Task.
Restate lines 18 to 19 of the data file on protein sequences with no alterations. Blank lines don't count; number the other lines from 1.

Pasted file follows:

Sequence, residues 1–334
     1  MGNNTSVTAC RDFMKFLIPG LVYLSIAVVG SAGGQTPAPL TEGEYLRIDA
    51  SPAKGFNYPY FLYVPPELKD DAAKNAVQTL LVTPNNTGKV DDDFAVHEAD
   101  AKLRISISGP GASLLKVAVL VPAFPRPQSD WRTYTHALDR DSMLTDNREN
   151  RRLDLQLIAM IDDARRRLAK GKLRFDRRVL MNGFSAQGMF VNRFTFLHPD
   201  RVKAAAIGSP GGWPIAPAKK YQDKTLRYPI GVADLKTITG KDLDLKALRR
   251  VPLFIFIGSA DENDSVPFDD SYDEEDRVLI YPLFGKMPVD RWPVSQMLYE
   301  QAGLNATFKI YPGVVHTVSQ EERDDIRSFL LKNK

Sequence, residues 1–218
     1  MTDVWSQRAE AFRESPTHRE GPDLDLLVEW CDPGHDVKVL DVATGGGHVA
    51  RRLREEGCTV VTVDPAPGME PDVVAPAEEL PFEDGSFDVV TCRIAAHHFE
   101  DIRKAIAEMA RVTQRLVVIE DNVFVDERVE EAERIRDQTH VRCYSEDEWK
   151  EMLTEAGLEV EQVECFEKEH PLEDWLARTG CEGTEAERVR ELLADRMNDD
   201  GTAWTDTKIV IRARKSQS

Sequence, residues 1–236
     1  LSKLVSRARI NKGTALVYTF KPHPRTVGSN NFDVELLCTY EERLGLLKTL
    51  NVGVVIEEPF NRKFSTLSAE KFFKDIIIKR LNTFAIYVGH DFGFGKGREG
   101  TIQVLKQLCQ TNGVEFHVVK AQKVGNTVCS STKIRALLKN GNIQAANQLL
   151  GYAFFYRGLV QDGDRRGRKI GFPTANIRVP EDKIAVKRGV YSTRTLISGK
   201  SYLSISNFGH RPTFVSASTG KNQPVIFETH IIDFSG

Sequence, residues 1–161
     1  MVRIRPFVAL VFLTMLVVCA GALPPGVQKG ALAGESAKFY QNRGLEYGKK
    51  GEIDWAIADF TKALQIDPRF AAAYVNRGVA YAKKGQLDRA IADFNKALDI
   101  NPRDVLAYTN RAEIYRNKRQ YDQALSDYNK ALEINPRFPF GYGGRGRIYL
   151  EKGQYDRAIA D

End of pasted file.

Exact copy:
   101  TIQVLKQLCQ TNGVEFHVVK AQKVGNTVCS STKIRALLKN GNIQAANQLL
   151  GYAFFYRGLV QDGDRRGRKI GFPTANIRVP EDKIAVKRGV YSTRTLISGK